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Khodorkovsky Release Is Nice, But Not Enough

Published: January 20, 2014 (Issue # 1793)


It does not matter what real crimes former Yukos CEO Mikhail Khodorkovsky may have committed as he rose to become the richest man in Russia at the end of the 1990s. The highly selective case against him remained an open wound in the country's investment reputation for an entire decade. Now that he has finally been released, can Russia expect a sharp change in global investor sentiment?

Unfortunately, for the country's business community, the short answer is no. Khodorkovksy's release is great news. It lifts a huge dark cloud from Russia's financial reputation. But in the end, his imprisonment was only a symptom of a much larger and pervasive economic disease. Russia has spent the last 10 years marching down an economically debilitating path, at odds with the values and ideals of the 21st century globalized environment. Although his release was positive news, it does not reverse the destructive path that it symbolized.

Not all is bad, though.

While President Vladimir Putin's announcement ending 10 years of personal acrimony was a complete surprise, it appears to mark a change toward realpolitik. The signs are increasingly hopeful that Russia is moving back toward a more pro-market phase. It has been clear for several years already that Russia's pre-crisis growth model is broken and that the missing component of gross domestic product growth is investment. Sure enough, the government, led largely by Prime Minister Dmitry Medvedev, has made improving the investment climate a top priority.

How Khodorkovsky's Arrest Ruined Russia

The catch is that what investors despise more than anything else is being duped. Many agree that the government is today committed — at least for now — to its efforts to begin a new era, but investors will take a long time to forgive, forget and trust once more. Fresh in their memories are repeated instances of state-owned enterprises abusing their privileged positions to seize assets and market share, the rewriting of rules that define investment returns for long-term projects and arbitrary application of regulations and taxes — all of which are underwritten by a pervasive environment of systemic corruption.

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ALL ABOUT TOWN

Thursday, July 31


Develop your leadership abilities during a lecture by famous Russian author and coach Radislav Gandapas. The event starts at 9 a.m. at 5 Lodeinopolskaya Ulitsa. The price for entry is 20,500 rubles ($570).


Relax and enjoy a Parisian atmosphere with some romantic and laidback jazz tunes during the Night of French Music at Lenny Jam Cafe, 63 Ligovsky Prospekt. The entrance fee is 250 rubles ($7).


The Women’s Business Club is hosting a Beauty Brunch where participants are invited to discuss the latest news in the beauty industry and listen to lectures by professional stylists in the business.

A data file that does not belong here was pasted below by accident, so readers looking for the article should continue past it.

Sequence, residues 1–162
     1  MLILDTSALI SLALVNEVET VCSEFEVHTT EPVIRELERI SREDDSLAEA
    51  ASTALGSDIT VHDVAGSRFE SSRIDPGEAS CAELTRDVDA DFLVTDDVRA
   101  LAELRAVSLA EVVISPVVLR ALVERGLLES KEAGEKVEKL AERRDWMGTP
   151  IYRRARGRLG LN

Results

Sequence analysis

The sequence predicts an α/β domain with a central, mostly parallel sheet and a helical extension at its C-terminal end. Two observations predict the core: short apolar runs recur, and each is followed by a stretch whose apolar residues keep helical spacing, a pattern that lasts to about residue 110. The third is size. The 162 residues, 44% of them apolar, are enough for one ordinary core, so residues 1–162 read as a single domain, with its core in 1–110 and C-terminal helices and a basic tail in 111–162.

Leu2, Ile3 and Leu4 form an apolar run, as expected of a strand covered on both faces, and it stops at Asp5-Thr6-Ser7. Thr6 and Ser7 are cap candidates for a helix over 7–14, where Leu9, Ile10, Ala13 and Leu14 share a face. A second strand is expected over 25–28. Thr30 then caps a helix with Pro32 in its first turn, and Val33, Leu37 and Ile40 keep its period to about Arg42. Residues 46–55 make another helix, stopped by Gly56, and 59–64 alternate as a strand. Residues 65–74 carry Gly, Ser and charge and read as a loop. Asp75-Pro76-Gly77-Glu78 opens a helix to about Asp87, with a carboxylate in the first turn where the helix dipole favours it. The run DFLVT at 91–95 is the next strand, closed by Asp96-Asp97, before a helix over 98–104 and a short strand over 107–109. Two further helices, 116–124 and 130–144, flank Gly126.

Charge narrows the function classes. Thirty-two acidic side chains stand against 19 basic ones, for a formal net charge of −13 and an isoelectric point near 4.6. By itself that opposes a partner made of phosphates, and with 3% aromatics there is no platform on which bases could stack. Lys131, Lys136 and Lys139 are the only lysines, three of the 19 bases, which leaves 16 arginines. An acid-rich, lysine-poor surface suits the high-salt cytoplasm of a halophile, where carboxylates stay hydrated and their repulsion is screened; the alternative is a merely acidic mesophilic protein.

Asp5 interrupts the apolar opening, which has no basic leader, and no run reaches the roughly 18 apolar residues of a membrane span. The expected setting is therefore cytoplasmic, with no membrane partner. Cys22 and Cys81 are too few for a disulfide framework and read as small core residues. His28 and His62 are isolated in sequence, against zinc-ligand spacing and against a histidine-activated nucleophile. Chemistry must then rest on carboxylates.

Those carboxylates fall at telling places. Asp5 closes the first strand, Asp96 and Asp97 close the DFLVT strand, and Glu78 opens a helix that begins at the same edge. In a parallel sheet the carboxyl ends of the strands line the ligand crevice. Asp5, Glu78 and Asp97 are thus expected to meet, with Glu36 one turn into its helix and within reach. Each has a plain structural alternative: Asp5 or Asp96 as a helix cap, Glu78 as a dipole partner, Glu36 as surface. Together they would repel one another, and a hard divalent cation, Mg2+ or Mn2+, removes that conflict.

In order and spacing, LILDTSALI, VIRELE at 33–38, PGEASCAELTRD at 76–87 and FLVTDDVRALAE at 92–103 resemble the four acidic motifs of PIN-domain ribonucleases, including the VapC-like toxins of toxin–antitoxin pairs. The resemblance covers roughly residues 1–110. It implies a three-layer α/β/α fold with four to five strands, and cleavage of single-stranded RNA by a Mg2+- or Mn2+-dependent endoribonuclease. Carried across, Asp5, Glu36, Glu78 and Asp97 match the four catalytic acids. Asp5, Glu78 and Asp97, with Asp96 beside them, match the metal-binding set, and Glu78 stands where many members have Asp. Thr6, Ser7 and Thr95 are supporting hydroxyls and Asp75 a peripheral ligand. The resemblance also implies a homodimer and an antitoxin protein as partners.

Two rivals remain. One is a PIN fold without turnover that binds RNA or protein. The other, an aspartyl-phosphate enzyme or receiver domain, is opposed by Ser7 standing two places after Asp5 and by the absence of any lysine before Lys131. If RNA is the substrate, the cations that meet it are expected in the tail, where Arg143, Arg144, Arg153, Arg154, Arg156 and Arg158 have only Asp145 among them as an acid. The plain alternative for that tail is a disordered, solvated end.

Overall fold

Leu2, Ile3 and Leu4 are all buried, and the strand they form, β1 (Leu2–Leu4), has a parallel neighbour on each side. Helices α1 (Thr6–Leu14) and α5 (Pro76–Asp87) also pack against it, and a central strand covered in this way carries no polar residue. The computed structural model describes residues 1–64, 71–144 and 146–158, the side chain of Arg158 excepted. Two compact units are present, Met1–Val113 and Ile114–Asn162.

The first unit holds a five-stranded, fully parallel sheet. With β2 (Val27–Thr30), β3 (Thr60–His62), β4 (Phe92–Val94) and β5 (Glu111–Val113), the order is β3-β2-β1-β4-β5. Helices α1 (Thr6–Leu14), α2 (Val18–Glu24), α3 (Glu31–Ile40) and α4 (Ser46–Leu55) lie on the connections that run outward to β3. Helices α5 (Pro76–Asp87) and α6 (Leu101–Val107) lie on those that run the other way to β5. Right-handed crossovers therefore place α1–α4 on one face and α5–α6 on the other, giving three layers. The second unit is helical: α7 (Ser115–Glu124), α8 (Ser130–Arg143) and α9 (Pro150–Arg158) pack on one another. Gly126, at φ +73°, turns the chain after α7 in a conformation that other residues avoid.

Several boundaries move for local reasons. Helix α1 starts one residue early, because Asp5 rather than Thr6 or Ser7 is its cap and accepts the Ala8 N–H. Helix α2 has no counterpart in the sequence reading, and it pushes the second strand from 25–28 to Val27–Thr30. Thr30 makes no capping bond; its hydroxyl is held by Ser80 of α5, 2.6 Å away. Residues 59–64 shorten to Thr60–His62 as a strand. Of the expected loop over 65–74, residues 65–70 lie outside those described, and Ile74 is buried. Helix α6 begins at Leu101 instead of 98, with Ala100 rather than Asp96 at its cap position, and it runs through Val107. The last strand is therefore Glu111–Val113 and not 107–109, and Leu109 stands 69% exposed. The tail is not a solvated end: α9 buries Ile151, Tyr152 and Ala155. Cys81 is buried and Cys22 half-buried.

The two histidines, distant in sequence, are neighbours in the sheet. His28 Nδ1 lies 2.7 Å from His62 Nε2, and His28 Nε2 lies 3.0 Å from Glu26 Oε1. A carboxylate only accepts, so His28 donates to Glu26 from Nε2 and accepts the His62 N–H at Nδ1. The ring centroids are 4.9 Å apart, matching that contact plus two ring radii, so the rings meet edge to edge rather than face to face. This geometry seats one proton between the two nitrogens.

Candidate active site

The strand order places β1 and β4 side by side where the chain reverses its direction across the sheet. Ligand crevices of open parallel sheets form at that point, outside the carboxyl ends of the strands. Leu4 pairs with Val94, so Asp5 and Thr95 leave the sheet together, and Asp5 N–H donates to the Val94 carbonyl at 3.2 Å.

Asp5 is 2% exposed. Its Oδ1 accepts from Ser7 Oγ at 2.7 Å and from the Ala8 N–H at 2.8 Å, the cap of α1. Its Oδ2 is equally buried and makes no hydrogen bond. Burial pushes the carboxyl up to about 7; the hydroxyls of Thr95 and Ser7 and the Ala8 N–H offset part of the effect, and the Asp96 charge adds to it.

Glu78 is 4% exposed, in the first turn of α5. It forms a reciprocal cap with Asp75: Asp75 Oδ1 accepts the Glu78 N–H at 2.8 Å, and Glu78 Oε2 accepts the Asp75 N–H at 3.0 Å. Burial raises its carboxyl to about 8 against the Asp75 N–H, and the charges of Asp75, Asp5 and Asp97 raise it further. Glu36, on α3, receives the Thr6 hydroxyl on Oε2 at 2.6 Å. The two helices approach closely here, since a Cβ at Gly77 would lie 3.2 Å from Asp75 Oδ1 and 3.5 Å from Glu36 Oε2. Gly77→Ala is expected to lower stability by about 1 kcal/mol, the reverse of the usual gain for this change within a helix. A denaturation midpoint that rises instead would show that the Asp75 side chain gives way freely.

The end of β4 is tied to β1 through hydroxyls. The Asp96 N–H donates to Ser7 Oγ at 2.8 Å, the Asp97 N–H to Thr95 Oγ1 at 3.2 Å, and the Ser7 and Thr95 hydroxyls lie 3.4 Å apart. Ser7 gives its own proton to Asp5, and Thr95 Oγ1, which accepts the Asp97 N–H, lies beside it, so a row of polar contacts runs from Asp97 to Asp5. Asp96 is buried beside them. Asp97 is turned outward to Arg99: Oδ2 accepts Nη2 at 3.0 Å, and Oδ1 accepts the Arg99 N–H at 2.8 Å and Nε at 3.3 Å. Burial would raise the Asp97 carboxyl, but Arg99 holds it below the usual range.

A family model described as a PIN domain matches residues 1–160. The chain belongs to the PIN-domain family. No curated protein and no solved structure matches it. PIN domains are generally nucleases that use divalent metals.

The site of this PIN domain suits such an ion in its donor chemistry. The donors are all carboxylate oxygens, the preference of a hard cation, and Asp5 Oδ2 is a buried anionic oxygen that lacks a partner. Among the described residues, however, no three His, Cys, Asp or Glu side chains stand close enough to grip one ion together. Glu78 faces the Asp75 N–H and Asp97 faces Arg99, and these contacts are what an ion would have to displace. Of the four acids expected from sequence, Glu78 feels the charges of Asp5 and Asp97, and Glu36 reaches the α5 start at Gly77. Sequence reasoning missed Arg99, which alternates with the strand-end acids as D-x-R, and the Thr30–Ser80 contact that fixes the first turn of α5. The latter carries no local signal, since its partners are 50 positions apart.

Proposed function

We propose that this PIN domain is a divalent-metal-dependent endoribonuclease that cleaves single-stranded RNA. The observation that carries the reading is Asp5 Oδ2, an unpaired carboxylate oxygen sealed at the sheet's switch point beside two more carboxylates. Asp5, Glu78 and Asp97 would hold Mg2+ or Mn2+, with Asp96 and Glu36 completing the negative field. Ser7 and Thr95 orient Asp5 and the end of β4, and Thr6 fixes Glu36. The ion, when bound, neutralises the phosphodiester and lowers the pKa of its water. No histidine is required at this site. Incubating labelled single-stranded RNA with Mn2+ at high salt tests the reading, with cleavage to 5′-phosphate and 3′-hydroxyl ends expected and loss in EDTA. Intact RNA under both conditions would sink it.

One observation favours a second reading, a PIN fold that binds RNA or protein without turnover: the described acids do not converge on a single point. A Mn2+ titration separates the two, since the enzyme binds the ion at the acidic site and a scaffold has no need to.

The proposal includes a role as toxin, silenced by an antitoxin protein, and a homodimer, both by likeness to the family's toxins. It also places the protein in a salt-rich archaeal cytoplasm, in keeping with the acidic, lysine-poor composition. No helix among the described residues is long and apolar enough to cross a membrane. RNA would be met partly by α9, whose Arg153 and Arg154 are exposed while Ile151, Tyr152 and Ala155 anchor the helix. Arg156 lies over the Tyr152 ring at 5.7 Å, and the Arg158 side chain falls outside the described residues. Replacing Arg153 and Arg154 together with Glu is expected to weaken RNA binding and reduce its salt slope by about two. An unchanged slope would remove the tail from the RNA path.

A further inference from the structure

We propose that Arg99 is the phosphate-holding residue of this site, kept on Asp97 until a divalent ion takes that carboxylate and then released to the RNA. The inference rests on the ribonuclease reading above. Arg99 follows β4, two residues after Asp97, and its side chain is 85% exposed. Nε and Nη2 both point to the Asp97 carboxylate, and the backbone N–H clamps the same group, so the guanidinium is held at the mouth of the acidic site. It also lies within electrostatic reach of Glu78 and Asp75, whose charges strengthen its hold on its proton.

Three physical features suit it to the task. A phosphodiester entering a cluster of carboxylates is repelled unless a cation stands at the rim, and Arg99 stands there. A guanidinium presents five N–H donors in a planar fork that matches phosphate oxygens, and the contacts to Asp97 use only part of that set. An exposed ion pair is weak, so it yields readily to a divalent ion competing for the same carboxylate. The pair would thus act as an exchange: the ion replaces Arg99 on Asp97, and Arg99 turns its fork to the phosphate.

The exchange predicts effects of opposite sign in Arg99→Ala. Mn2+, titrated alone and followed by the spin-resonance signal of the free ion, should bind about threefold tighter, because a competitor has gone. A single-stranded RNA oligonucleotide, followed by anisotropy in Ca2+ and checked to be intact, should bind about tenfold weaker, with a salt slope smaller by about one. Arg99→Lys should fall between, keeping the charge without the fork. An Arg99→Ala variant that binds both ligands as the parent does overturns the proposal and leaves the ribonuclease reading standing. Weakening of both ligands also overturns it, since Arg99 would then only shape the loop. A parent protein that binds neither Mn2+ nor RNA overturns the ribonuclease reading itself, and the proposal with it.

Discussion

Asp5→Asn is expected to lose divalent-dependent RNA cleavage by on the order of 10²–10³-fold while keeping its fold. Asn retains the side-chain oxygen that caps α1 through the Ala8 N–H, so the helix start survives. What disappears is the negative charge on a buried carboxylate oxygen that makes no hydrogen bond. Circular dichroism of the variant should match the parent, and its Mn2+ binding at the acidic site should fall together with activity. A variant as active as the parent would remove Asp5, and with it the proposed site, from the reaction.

Friday, Aug. 1


Bikers from all around the world will gather to take part in a parade, extreme shows and rock concerts during the International Biker Festival that revs its engines today and runs through Aug. 3 near Olgino Hotel, 4/2 Primorskogo Shosse.


The Peter and Paul Fortress will be turned into an open-air cinema today and tomorrow as part of the 5th International Short and Animation Film Festival. A huge screen across the fortress walls will air short films non-stop with board games, photo sessions and other activities also on offer for visitors. For more information, visit www.opencinemafest.ru



Saturday, Aug. 2


Gatchina Palace Park Museum will host its second annual Night of Light, an impressive audio-visual show across the night sky. Tickets are 600 rubles ($16).


If graphic design is more your thing then check out Illustration Day, where you will be able to visit an exhibition, attend lectures by professionals and even show experts some of your own work. The event starts at noon at Zona Deystvia, 73 Ligovsky Prospekt. The entrance fee is 350 rubles ($10).



Sunday, Aug. 3


History lovers shouldn’t miss the chance to see reenactments of World War I battles in Pushkin at noon. Besides exciting war scenes, visitors can enjoy live music, historical costumes, an equestrian show and a fancy-dress parade starting from the Moscow gates.


Garage Sale, the popular and growing flea market where nothing is priced over 500 rubles ($14.11), starts today at noon in Loft-Project Etagi, 74 Ligovsky Prospekt. Be sure to get in early to score a bargain. Entry costs 50 rubles ($1.40)



Monday, Aug. 4


Continue the working week with a calm and steady mind with a free yoga lesson at 7 p.m. in the Bukvoyed store at 23A Vladimirsky Prospekt.



Tuesday, Aug. 5


Visit The Romanov Dynasty doll exhibition today, where more than fifty porcelain dolls depicting Russian rulers, and made by Olina Ventzel, will be on show. The exhibition continues through Aug. 31 in Sheremetyev Palace, 34 Fontanka Naberezhnaya.



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